Heathrow, Stansted and Gatwick night flights to continue

Aeroplane There are no scheduled take-offs or landings at Heathrow between 23:30 GMT and 04:30 GMT

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The government plans to continue controversial night flights at Heathrow, Gatwick and Stansted for at least another four years.

Aviation minister Robert Goodwill said it would "not be sensible" to change flights until a decision is reached on new runway capacity around London.

The current night flights regime is now set to continue until October 2017.

But a Heathrow noise campaign group chairman said: "Local people hate night flights with a vengeance."

Under the current regime at Heathrow, there are no scheduled take-offs or landings between 23:30 GMT and 04:30 GMT.

Between 04:30 and 06:00, 16 flights are allowed to land, while between 06:00 and 07:00, a total of 65 flights are allowed to use the airport.

At both Gatwick and Stansted airports night flying is classified as taking place between 23:30 and 06:00.

'Quieter aircraft'

The current night flight regime at Heathrow, Stansted and Gatwick, ends in October 2014.

Start Quote

We will fight for an end to night flights in 2017”

End Quote John Stewart Heathrow Association for the Control of Aircraft Noise

Normally a new regime would be put in place to cover the next five or six years.

But following the publication of its report Night Flying Restrictions at Heathrow, Gatwick and Stansted Stage 2 Consultation, the government has proposed to effectively roll-over the existing regime until 2017.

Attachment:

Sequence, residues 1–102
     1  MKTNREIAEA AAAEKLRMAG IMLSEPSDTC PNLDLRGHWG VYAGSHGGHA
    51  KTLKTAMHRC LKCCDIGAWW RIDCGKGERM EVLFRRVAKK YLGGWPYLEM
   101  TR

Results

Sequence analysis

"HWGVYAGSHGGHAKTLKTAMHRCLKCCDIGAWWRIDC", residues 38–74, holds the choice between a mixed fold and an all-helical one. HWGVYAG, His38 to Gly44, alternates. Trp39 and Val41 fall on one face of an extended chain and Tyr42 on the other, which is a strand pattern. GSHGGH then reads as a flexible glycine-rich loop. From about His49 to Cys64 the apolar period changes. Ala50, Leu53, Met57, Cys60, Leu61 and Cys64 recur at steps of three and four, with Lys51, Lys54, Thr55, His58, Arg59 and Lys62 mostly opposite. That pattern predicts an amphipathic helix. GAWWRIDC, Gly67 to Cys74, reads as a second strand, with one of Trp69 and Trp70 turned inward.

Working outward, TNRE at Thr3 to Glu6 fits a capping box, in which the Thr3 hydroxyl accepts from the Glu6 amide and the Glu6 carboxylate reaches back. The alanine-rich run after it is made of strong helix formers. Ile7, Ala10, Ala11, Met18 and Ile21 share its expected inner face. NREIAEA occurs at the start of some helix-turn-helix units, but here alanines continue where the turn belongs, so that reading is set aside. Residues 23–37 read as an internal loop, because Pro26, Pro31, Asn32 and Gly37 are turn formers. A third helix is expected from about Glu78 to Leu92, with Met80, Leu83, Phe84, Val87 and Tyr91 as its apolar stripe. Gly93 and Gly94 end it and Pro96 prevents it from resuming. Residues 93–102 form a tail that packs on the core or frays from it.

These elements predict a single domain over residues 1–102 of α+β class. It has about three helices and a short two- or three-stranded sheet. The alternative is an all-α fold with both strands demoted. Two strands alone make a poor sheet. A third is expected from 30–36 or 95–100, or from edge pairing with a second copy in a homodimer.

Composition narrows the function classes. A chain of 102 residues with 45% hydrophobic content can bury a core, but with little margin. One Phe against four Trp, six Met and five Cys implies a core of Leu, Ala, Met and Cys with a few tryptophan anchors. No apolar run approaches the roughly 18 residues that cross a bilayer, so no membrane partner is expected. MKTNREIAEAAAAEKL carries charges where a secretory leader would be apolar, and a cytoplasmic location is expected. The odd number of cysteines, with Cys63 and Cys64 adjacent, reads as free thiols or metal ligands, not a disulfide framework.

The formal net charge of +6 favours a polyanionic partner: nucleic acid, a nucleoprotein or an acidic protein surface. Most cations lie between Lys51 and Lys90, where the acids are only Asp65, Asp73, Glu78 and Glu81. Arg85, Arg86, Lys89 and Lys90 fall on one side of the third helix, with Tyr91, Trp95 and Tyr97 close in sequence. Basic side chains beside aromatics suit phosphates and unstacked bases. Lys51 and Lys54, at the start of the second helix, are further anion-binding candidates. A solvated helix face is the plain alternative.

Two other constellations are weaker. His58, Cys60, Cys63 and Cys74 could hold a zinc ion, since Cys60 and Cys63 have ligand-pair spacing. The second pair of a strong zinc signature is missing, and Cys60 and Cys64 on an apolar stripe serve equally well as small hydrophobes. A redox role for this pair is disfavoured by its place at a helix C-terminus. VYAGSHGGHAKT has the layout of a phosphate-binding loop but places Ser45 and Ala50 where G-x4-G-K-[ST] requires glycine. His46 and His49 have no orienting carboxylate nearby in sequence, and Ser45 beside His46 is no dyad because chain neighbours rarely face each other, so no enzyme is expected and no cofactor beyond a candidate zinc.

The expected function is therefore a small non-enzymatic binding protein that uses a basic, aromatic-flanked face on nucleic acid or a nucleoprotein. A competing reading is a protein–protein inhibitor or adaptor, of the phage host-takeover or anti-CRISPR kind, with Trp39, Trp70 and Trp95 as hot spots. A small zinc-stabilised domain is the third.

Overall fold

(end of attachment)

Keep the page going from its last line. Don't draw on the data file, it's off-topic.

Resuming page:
There will also to be no change to the noise quotas set for each of the three airports, the government proposed.

But ministers have agreed to extend the ban on the noisiest types of aircraft.

Flights by such aircraft at Heathrow will now be banned between 23:00 and 07:00, extended from the current banned period of 23:30 until 07:00.

A Department for Transport statement said "most responses from the public argued for a ban on night flights" but added that at Heathrow between now and 2017 "we fully expect the trend in quieter aircraft to continue".

John Stewart, chair of Heathrow Association for the Control of Aircraft Noise (HACAN), the campaign group fighting noise on behalf of residents under the Heathrow flight paths, said: "There will be huge disappointment that their sleep will continue to disturbed.

"We will fight for an end to night flights in 2017."

The government's proposals are open for consultation and a final decision will be made next spring.

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